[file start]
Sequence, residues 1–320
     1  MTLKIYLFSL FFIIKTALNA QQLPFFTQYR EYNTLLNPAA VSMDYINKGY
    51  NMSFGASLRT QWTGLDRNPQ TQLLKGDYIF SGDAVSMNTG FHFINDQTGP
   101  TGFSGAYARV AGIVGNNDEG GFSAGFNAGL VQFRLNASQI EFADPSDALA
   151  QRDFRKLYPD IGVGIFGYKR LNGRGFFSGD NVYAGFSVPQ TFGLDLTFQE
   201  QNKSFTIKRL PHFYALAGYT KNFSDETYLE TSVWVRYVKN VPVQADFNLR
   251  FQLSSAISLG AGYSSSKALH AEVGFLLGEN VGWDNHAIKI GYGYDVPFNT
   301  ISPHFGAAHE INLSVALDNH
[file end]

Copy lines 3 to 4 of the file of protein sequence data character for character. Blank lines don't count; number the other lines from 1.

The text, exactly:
    51  NMSFGASLRT QWTGLDRNPQ TQLLKGDYIF SGDAVSMNTG FHFINDQTGP
   101  TGFSGAYARV AGIVGNNDEG GFSAGFNAGL VQFRLNASQI EFADPSDALA